Monday, June 24, 2013

A Sociology of Olympianity

Olympianity is the world's oldest, most popular, yet least recognized religion. Examining it from a sociological point of view will help us to understand, more clearly, how Olympian societies, cultures, and personalities function in everyday life.

Olympianity: the religion
There are six gods that rule our world. They are (1) Jupiter, god of politics; (2) Mars, god of war; (3) Vulcan, god of technology; (4) Venus, goddess of sex; (5) Pluto, god of money; and (6) Bacchus, god of consumption.

Long ago people believed that these gods lived on Mount Olympus. They called them Olympian gods. We may call the worship of them Olympianity.

Olympianity is the religion of power. We worship the Olympian gods to gain and maintain political, military, technological, sexual, economic, and consumer power.

If we properly devote ourselves to them, they promise to reward us with power. If we improperly devote ourselves to them, or devote ourselves to some other strange god, they most certainly punish us by withdrawing power from us.

They promise to reward us with power and its blessings: security, happiness, importance, justification, and meaning. They threaten and punish us with weakness and its curses: insecurity, misery, insignificance, guilt, and meaninglessness.

Olympian culture: meanings and means
Olympianity provides all of the societies and cultures of Olympia with their worldview. This Olympian worldview, organized around the six gods and dedicated to power, shapes every aspect of Olympia’s culture. This culture defines the basic structure of every society, every group within each society, and the Olympian personality of every individual within each group.

Our Olympian culture ranks every society in Olympia, every group within each society, and every individual within each group in terms of power. Our culture enables and encourages each one of us to rank every society, group, and individual along a spectrum from highest to lowest or from most central to most marginal. We all do this habitually; that is, without even thinking about it.

To secure the blessings of power we need to move, as societies, groups, and individuals, higher in rank. To do this, we have to push someone else down in rank. If we do, the gods will reward us with greater privileges and will punish them with greater burdens.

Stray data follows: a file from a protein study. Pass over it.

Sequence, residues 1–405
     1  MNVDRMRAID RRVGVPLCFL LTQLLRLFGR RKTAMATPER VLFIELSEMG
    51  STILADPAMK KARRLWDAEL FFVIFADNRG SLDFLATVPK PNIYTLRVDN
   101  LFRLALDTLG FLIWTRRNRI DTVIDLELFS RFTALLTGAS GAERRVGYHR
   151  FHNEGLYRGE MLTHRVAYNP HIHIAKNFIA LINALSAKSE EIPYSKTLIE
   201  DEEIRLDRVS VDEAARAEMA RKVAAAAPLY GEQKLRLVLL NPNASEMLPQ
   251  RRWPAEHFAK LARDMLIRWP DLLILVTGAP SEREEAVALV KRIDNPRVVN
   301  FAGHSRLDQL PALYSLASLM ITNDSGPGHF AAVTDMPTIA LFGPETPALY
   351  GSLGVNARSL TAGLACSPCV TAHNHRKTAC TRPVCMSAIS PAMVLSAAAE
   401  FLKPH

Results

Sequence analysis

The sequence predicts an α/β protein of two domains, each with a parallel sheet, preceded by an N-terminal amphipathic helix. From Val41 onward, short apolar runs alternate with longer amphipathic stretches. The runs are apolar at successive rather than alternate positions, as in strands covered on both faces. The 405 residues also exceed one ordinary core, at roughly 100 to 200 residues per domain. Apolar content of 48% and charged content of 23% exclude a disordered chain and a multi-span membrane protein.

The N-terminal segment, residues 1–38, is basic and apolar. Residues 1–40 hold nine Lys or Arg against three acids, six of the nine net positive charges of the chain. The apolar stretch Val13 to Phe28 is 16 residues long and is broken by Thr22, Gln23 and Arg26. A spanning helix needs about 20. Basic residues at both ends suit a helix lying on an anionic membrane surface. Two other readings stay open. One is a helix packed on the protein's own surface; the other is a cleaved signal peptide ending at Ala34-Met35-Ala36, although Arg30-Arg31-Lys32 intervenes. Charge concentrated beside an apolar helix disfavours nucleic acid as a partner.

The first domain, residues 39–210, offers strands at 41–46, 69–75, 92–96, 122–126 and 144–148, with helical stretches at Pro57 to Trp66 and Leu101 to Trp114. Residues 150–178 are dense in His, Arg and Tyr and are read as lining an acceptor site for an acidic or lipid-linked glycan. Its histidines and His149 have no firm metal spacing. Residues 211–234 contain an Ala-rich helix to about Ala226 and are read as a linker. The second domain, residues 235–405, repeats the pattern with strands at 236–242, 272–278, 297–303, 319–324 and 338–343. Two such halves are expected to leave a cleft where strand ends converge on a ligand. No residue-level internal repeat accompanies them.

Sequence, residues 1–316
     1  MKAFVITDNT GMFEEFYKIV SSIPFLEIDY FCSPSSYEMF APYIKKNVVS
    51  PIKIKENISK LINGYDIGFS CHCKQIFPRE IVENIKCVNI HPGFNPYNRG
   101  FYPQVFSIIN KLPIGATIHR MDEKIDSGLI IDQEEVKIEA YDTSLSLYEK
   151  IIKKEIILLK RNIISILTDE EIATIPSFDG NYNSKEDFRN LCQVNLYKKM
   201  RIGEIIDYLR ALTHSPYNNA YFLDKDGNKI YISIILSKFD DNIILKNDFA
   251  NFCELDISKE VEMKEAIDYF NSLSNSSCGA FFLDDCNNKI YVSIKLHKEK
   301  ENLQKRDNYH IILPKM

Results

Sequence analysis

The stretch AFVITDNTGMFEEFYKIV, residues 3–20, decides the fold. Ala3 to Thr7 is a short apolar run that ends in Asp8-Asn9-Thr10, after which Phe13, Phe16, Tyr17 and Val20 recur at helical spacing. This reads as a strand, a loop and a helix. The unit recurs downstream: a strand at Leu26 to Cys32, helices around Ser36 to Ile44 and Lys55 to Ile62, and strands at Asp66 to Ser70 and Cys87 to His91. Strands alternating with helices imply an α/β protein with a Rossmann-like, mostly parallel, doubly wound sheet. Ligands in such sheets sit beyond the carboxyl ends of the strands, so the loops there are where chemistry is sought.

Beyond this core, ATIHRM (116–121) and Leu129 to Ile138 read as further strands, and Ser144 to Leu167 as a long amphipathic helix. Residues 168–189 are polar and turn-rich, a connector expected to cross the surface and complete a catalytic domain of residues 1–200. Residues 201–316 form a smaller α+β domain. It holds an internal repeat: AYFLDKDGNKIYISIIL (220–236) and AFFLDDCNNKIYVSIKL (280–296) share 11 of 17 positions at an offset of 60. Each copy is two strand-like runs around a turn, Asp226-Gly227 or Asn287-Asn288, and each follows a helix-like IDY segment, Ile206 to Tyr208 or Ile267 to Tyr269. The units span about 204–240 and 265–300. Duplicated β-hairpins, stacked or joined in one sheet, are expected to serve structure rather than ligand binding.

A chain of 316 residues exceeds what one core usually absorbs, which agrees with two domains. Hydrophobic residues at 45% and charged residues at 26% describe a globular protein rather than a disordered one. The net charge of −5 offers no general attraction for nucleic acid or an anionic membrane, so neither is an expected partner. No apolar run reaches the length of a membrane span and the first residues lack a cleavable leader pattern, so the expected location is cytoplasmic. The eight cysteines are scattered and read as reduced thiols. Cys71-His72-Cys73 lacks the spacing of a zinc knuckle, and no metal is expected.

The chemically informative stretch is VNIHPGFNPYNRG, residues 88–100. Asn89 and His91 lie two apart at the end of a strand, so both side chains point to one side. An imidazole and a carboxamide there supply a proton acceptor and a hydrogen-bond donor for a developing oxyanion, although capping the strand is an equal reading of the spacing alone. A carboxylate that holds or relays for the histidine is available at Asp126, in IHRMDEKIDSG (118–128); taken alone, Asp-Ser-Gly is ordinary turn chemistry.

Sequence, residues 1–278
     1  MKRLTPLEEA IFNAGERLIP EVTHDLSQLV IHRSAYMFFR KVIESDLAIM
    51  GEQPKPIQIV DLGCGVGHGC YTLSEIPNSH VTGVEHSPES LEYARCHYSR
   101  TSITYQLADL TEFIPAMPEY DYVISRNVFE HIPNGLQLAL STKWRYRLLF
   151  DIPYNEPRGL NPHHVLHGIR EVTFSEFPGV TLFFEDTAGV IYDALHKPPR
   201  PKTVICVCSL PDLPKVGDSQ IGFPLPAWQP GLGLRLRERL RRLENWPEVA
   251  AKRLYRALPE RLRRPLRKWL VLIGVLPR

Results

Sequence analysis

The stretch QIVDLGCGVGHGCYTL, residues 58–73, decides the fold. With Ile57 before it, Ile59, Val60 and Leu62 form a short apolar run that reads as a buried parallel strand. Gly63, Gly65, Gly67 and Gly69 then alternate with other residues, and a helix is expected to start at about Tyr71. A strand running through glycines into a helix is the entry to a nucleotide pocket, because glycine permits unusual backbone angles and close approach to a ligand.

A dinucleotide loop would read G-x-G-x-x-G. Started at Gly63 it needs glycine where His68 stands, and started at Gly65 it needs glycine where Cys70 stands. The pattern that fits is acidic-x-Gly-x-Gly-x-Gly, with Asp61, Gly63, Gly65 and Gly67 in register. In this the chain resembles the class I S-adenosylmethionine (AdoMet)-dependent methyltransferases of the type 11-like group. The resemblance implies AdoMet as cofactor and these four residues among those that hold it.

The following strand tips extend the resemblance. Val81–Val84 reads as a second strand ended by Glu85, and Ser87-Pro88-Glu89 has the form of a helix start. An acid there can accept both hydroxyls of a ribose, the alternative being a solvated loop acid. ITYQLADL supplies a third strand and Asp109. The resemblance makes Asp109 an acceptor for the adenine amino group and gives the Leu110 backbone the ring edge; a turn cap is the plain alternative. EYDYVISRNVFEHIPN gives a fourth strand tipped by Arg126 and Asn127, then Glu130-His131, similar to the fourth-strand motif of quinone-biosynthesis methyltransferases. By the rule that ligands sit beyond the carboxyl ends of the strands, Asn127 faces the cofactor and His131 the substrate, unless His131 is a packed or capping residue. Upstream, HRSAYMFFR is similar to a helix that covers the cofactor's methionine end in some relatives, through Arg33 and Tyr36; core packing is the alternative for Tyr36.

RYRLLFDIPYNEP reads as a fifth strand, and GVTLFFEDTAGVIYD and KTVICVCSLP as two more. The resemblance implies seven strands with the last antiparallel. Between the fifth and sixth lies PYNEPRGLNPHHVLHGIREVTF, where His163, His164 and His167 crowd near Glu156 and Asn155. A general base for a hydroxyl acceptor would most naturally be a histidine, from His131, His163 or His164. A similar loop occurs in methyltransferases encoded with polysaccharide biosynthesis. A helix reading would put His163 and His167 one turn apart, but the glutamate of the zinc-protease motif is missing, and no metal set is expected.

Societies, groups, and individuals who are highest and most central are the winners and those who are the lowest and most marginal are the losers. Winners are more virtuous and deserve their greater privileges. Losers are more vicious and deserve their greater burdens.

We, as Olympian individuals, groups, and societies, celebrate winners in the struggle for power with speeches, stories, movies, and monuments. We condemn losers in the struggle for power by casting them as villains in our speeches, stories, and movies and by otherwise ignoring their existence.

Olympian society: competition between groups
Dynamics between groups
Societies within Olympia are always competing with one another for greater power.

Groups within society are always competing with one another for greater power. These groups include political parties, corporations, schools, families, and even Christian denominations and churches.

Sometimes competition between groups requires some individuals within a group to risk injury or death in order to kill the members of a rival group or to steal or destroy means controlled by it.

Sometimes competition between groups requires some individuals within a group to lose rank, or even to be expelled from the group, to increase the group’s competitive advantage.

Dynamics within groups
Competition between groups requires cooperation within a group. This makes thinking in terms of “us vs. them” important.

The need to know who belongs to us makes proper identification necessary. Members of one group must be able to identify, quickly and accurately, members of a competing group. This is especially important when competition enters a more lethal phase.

Competition always exists within a group. Lower members want to move up and knock higher members down. Higher members want to enjoy even greater privileges at the expense of lower members.

Individuals moving up in rank grow stronger and attract more allies. Those moving down grow weaker and lose allies.

One way leaders limit competition within a group, to protect their own rank and to improve internal cohesion, is to create a weak but threatening external enemy. That way anger that might be focused on them can be projected outward to their advantage. They likewise encourage us to project all that is bad in ourselves onto our external enemies.

To do this, they must tell a good story. To tell a good story, they must remember, exaggerate, and invent what is good in ourselves and remember, exaggerate, and invent what is bad in others.

These stories give us permission to hate enemies internal and external. Hatred is an extremely satisfying emotion to experience. Pure unbridled hatred is thrilling.

Olympian personalities: self-esteem based on rank
Our self-esteem depends on our rank as individuals within the various groups to which we belong. It also depends on the ranks of our groups within our society and of our society within Olympia.

Copyright © 2013 by Steven Farsaci.
All rights reserved. Fair use encouraged.